In our post yesterday, we discussed the problem of improper asbestos removal from buildings during demolition and renovation. As with other toxic building materials like lead paint, asbestos tends to be most hazardous during renovation and demolition, because materials can become airborne.
As yesterday's post mentions, contractors and others who remove asbestos negligently (and without proper certification) can face criminal charges. Unfortunately, this kind of shoddy asbestos removal is more common than you might think. And while some contractors expose their workers and others to asbestos out of ignorance, others do it simply to save money.
Hiring a competent, licensed asbestos abatement professional costs a significant amount of money, and for good reasons. These men and women have the knowledge, equipment and expertise to make sure that asbestos-laden materials are demolished properly and contained securely. Proper abatement greatly reduces or eliminates current and future risks of asbestos exposure.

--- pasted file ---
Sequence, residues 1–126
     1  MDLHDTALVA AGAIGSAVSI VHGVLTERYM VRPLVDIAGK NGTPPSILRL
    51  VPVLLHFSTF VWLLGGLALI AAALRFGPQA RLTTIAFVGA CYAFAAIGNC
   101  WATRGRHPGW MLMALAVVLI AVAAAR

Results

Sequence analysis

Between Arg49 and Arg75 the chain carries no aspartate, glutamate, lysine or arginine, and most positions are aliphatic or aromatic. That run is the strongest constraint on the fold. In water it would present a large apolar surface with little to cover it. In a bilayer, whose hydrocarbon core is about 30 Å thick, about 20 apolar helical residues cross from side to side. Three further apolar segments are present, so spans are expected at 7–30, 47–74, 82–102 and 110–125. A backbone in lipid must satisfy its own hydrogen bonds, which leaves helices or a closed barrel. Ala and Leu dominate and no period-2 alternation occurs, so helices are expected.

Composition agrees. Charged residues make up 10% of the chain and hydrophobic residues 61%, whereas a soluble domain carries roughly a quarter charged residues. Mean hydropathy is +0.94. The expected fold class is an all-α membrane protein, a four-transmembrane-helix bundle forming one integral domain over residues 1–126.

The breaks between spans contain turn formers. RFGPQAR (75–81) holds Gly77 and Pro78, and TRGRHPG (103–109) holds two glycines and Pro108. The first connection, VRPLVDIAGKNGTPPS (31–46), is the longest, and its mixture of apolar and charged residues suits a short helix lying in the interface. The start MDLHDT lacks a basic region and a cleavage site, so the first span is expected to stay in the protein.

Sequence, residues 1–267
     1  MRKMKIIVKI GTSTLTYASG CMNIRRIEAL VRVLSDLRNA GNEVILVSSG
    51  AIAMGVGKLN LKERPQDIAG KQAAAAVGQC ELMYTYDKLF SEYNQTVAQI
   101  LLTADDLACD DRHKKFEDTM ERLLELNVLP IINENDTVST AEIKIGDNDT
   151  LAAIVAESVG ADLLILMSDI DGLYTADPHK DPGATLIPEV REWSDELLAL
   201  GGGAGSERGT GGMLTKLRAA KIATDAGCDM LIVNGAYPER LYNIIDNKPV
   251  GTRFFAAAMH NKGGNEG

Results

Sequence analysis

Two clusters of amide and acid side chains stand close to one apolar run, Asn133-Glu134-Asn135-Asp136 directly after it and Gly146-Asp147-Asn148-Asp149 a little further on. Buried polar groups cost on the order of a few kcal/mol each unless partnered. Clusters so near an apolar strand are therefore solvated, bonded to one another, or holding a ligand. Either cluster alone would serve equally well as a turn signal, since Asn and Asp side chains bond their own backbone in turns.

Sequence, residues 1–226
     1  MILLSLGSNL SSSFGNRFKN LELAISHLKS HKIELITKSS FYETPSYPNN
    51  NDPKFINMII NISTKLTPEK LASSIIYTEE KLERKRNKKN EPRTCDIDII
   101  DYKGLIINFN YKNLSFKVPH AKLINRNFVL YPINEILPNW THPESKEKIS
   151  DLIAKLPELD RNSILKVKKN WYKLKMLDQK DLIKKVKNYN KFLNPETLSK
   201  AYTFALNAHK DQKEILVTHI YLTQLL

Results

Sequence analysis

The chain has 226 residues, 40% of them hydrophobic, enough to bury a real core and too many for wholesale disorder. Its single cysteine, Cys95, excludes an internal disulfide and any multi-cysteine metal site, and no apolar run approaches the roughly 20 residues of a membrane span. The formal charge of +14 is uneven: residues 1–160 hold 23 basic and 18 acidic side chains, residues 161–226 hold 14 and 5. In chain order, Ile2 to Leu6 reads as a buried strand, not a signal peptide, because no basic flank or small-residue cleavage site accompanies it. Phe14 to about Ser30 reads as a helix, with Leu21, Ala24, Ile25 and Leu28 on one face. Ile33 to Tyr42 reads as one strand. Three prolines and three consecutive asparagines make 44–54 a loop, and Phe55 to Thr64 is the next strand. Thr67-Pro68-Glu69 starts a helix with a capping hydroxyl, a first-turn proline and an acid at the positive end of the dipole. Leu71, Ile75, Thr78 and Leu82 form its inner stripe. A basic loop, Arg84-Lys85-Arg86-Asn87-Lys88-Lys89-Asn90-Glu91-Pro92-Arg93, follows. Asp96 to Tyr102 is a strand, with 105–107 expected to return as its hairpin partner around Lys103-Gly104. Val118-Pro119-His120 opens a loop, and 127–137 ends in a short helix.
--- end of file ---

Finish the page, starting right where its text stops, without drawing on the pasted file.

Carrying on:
As an example of the added cost, a recent news report discusses a community redevelopment project underway in Tallahassee, Florida. The city purchased four buildings, intending to tear them down and build newer structures in their place. But after spending almost $2 million on the four buildings, an inspector found small amounts of asbestos. Safely removing it will add an estimated $25,000 to the cost of the project. The costs could have been much higher if more asbestos had been discovered.
In this particular case, the extra costs will almost certainly be paid and the asbestos will be removed safely. Unfortunately, greedy and dishonest contractors sometimes ignore the presence of asbestos, forego inspections and hire unsuspecting workers to handle demolition. They're counting on the fact that the effects of asbestos exposure often take decades to present as health problems.
If you need demolition or renovation work done, please have the structure thoroughly inspected and hire a reputable asbestos abatement professional if asbestos is discovered. Trying to save money now can lead to unaffordable costs in the future.